Marlins reassign top pitching prospects

March 11th, 2021

JUPITER, Fla. -- The Marlins on Wednesday announced their first cuts of camp, which included MLB Pipeline's Nos. 28 and 68 prospects Max Meyer and Edward Cabrera, respectively. Neither was a surprise roster transaction.

Meyer, who was among 16 players to be reassigned, was the third overall selection in last year's MLB Draft. He, along with fellow 2020 picks Kyle Nicolas (Miami's No. 21 prospect), Zach McCambley (No. 22) and Jake Eder (No. 23), were not scheduled to pitch in a Grapefruit League game.

"This is about them getting comfortable in big league camp," Marlins manager Don Mattingly said during a Zoom call earlier this spring. "Obviously, we like those guys and we wanted them to experience this. But we don't want Max coming over to an 'A' game and trying to throw 100 [mph]. We want him to get ready to pitch this season, continue his development, and we think there's a real risk with those young guys kind of trying to impress and doing too much too early. It's a danger in camp, and that's something we're going to stay away from them."

Cabrera, who was diagnosed with an inflamed nerve in his right biceps upon his arrival to Spring Training, was optioned to Triple-A Jacksonville. A member of the 60-man player pool last season, the 22-year-old right-hander might've made his Major League debut had he not dealt with a minor arm injury. Cabrera even traveled with the Marlins for their National League Division Series against the Braves because the club had considered inserting him into the bullpen. In 2019, he reached Double-A, going 4-1 with a 2.56 ERA in eight starts.

Among the other players to be reassigned are as follows: catchers Cameron Barstad and Santiago Chávez; left-handers Will Stewart, Zach King and Dylan Lee; righties Tommy Eveld (biceps issue) and Josh Roberson; and outfielders Kameron Misner (Miami's No. 14 prospect), Connor Scott (No. 15), Peyton Burdick (No. 16), Victor Victor Mesa and Brian Miller.

"They're going to be working out in their own group," Marlins general manager Kim Ng said during a Zoom call. "We've got the group on the other fields, just getting ready for their seasons."

Guzman hurt and more
Ng also provided updates on seven pitchers still in camp who have yet to pitch in a Grapefruit League game.

Jorge Guzman, Miami's No. 26 prospect, has right elbow inflammation and will "be out for a bit," said Ng. The 25-year-old righty made his big league debut in 2020, giving up two runs in an inning of relief.

Sixto Sánchez, MLB Pipeline's No. 15 overall prospect, will throw a bullpen session on Thursday "and we'll see where he is after that," said Ng. The 22-year-old right-hander, who was delayed by visa issues and then by a false COVID-19 positive result, could still make the Opening Day rotation.

• Offseason acquisition Dylan Floro, whom the club hopes will work in high-leverage situations out of the bullpen, threw 20 pitches during batting practice on Wednesday. He had been dealing with arm soreness.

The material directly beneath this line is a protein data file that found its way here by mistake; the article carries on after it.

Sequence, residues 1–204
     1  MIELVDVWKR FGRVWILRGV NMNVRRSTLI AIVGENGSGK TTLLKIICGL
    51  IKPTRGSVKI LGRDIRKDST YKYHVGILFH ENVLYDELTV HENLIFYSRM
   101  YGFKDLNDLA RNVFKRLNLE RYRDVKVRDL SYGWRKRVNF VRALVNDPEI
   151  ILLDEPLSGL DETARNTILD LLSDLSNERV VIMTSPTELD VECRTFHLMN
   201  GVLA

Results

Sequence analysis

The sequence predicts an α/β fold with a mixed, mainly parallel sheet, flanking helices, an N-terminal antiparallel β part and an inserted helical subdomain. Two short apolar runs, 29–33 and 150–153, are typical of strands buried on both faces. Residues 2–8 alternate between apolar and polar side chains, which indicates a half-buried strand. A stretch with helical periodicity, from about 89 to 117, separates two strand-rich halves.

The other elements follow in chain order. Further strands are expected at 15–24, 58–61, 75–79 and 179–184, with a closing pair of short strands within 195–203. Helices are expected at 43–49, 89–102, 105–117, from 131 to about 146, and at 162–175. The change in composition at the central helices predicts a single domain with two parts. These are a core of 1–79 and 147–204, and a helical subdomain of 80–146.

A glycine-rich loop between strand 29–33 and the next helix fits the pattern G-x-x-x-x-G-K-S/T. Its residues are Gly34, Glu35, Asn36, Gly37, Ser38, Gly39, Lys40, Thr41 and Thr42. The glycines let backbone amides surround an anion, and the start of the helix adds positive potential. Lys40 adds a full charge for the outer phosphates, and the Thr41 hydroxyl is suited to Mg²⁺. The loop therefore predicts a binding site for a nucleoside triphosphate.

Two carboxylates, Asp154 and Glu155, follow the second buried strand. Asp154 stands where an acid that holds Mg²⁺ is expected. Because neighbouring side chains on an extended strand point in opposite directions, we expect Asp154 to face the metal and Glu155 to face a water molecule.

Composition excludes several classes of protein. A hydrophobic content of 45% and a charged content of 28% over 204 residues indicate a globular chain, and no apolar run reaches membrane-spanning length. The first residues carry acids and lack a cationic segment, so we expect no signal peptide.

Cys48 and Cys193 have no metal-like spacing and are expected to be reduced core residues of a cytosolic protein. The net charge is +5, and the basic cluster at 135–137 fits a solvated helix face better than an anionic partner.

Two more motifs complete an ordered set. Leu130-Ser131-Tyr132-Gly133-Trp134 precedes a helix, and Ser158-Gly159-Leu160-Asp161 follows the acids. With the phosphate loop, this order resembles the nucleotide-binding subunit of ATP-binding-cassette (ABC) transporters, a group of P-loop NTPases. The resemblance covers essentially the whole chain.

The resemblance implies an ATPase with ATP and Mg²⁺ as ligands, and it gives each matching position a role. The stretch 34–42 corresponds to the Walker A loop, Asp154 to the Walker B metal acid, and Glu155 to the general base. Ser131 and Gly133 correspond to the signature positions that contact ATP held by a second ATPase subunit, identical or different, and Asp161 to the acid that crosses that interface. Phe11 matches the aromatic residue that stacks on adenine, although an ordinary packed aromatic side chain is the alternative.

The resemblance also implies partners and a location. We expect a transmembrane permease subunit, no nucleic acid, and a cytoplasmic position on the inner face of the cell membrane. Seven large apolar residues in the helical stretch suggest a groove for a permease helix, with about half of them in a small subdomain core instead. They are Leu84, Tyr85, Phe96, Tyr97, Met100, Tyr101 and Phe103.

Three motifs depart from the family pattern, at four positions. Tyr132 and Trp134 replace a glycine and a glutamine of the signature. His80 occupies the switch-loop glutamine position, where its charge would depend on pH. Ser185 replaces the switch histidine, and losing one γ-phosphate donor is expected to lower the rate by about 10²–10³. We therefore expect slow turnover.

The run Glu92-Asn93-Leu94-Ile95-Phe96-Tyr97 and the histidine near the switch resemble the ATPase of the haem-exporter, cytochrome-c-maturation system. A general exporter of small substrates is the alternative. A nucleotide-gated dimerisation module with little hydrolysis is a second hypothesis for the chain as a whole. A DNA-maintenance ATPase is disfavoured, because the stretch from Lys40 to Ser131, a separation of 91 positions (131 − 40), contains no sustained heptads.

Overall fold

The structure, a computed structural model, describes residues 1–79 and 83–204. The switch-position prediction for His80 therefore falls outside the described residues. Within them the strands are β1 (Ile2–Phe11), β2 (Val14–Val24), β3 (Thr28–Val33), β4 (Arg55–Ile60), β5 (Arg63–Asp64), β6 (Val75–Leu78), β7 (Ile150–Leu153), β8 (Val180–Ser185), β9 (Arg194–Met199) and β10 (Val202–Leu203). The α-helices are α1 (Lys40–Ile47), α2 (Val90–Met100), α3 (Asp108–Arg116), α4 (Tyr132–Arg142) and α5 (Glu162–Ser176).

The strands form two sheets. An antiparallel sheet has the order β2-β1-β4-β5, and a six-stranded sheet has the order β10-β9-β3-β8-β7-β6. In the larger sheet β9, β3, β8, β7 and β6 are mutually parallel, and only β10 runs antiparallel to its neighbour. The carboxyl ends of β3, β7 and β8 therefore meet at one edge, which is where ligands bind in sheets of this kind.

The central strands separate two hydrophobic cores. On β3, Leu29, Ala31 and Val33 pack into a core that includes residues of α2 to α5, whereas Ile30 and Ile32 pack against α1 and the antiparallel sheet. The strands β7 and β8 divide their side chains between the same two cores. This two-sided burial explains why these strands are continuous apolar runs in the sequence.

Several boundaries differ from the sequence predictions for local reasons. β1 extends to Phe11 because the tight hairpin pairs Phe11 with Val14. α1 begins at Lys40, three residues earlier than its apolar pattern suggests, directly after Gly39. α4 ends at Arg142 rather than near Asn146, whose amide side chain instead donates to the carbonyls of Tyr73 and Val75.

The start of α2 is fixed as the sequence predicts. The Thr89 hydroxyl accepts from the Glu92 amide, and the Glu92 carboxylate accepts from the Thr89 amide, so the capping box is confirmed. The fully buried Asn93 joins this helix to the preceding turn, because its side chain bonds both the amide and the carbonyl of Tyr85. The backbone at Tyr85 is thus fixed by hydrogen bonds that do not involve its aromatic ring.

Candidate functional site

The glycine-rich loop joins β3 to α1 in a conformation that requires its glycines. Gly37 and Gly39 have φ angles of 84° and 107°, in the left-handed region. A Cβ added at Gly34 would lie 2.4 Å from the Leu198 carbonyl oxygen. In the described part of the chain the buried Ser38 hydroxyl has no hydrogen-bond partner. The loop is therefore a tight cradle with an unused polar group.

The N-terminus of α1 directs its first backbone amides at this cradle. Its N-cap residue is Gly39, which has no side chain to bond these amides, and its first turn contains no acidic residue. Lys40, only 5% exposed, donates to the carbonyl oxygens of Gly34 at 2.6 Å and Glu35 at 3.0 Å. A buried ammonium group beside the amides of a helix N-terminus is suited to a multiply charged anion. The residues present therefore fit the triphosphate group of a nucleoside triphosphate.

• Veteran Gio González, who signed a Minor League deal with the hometown team last Thursday, threw batting practice on Tuesday.

"We want to see where these guys come out afterwards and see how they're doing before we plot everything out in stone," Ng said.

• Rule 5 Draft pick Zach Pop pitched a scoreless eighth in his Marlins debut Wednesday night.

Paul Campbell, another Rule 5 Draft selection who also ranks as the organization's 25th-best prospect, has been dealing with a personal issue.

Jordan Holloway (No. 27 prospect) has been throwing bullpen sessions.

Rogers' analysis

Rotation candidate Trevor Rogers collected five of his six outs via the K in his second spring start in Wednesday night's 4-4 tie with the Astros at Roger Dean Chevrolet Stadium. During a three-run second inning, the Astros put runners on the corners with no outs. Rogers fanned consecutive batters on fastballs before permitting back-to-back RBI hits.

Following a mound visit and a walk, the frame was rolled over after 26 pitches. Miami's No. 9 prospect came back out for the third and struck out Jose Altuve for the second time to cap his 48-pitch outing. Both Rogers and Mattingly said the southpaw got a little fastball-heavy toward the end of his outing.

"I was just trying to blow the doors off, get a little ahead of myself," Rogers said during a Zoom call. "[Pitching coach Mel Stottlemyre Jr.] and [catcher Jorge Alfaro] and I talked and [they] said in those types of situations, you'll learn to just beat them with soft stuff, and then come back and get them with a heater."

Coop in the outfield

Garrett Cooper made his first outfield appearance of the spring, playing four innings and catching Altuve's fly ball to right for the final out of the fourth. With no universal designated hitter, Jesús Aguilar at first base and Adam Duvall in right, Miami would like to find ways to get Cooper's bat in the lineup. He can play either of the corner-outfield spots to spell Corey Dickerson in left and Duvall in right. In his first five Grapefruit League games, Cooper started at first base three times and at DH twice.

Under the lights

Wednesday marked the first of eight night games for the Marlins in Grapefruit League play. Consider Mattingly a fan of a later first pitch.

"It's a good time for recovery," Mattingly said. "I kind of like them later. Honestly the later, the better. Because of just getting used to like more of a night schedule for the season. But I always liked them as a player. You feel refreshed when you get that little extra rest in between. So I think guys like them. Usually Spring Training lighting is not quite as good. So that part's a little bit of a negative, but in general, I like the night games."

Up next

Sandy Alcantara will make his third start of the spring at 1:05 p.m. ET on Thursday against the Nationals at Roger Dean Chevrolet Stadium.